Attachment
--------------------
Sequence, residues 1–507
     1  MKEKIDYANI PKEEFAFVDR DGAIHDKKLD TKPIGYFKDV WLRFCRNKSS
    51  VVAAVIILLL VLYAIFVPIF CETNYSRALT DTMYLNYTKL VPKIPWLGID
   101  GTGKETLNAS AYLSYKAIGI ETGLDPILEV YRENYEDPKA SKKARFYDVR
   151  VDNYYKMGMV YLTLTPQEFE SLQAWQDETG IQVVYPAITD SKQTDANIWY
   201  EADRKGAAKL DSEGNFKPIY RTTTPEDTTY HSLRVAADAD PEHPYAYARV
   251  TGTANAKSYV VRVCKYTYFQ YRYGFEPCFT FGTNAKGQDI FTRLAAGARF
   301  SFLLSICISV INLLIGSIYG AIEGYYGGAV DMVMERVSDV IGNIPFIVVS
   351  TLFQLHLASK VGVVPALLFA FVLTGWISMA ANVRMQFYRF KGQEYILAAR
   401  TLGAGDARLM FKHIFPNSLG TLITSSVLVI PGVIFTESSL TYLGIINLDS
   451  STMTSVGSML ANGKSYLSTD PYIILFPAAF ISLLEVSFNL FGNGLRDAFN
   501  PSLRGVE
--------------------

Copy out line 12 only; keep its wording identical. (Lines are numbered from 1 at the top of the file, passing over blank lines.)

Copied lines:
   501  PSLRGVE